Longtime Penn State football coach Joe Paterno, the patriarch of the storied but wounded program, died early Sunday morning, his family said in a statement. His death came two months after he was diagnosed with lung cancer. Paterno was 85.
“He died as he lived. He fought hard until the end, stayed positive, thought only of others and constantly reminded everyone of how blessed his life had been,” the statement said. “His ambitions were far-reaching, but he never believed he had to leave this Happy Valley to achieve them.”
A turn for the worse in Paterno’s condition on Saturday sent his scandal-scarred program, and the larger university community that seemed to revolve around that program, to yet another emotional nadir. Paterno, at one time perhaps the most beloved coach in America, had been fired by the school’s Board of Trustees on Nov. 9 in the wake of a child sex-abuse scandal involving longtime Penn State defensive coordinator Jerry Sandusky. Nine days later, it was revealed Paterno had lung cancer.
Paterno, who won two national championships and a Division I-record 409 games in his 46 seasons as Penn State’s head coach, was hospitalized most recently on Jan. 13, just hours after granting an interview to a Washington Post reporter in his State College home, his first and only interview since the Sandusky scandal broke.
Sitting up in his bed with a blanket over his legs, and speaking in a hoarse whisper, Paterno seemed fully aware of his impending mortality, saying: “I’m worried about my kids, my family. They’re concerned about me, so I’m concerned about them.” Family members also understood that his health was slipping rapidly.
In that same interview, conducted over two days at the Paterno home, he acknowledged not knowing how to react when graduate assistant Michael McQueary approached him in 2002 with an account of Sandusky having inappropriate sexual contact with a boy in the Penn State locker room.
“I didn’t know exactly how to handle it,” Paterno said. “I backed away and turned it over to some other people, people I thought would have a little more expertise than I did. It didn’t work out that way.”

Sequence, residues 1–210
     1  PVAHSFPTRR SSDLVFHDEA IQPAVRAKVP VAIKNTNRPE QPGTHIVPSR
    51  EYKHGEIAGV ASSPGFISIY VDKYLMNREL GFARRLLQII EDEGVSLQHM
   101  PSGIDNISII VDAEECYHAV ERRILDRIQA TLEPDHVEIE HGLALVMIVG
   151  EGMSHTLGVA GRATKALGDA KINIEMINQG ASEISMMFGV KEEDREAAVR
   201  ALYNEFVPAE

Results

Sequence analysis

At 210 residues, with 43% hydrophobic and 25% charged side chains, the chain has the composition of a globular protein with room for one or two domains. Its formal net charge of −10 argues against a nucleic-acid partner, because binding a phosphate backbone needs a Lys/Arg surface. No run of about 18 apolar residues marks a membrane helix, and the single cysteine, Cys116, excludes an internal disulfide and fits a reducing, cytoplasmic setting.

Three other top university officials lost their jobs in the wake of the scandal, and Sandusky faces 52 counts of child molestation.
As news of Paterno’s condition spread Saturday night, hundreds of students gathered at his bronze statue outside Beaver Stadium for an impromptu vigil, according to the Centre Daily Times, while police barricaded McKee Street, where Paterno and wife Sue live.
There were several false media reports Saturday night that Paterno had died but his son, Jay, went on Twitter at 9:21 p.m. to say his father was still alive.
The first false report of Paterno’s death apparently was made by Onward State, a Penn State student-run Web site, at 8:45 p.m. Two minutes later, CBS Sports’s Web site posted a blog item saying Paterno had died.
Another 10 minutes went by before the first official refuting of the false reports, and at 9:22 p.m., Scott Paterno, another of Paterno’s sons, tweeted: “Dad is alive but in serious condition. We continue to ask for your prayers and privacy during this time.”
Devon Edwards, the Onward State managing editor, announced his resignation late Saturday night.
“I take full responsibility for the events that transpired tonight, and for the black mark upon the organization that I have caused,” he wrote on Facebook.
Staff writer Sally Jenkins contributed to this report.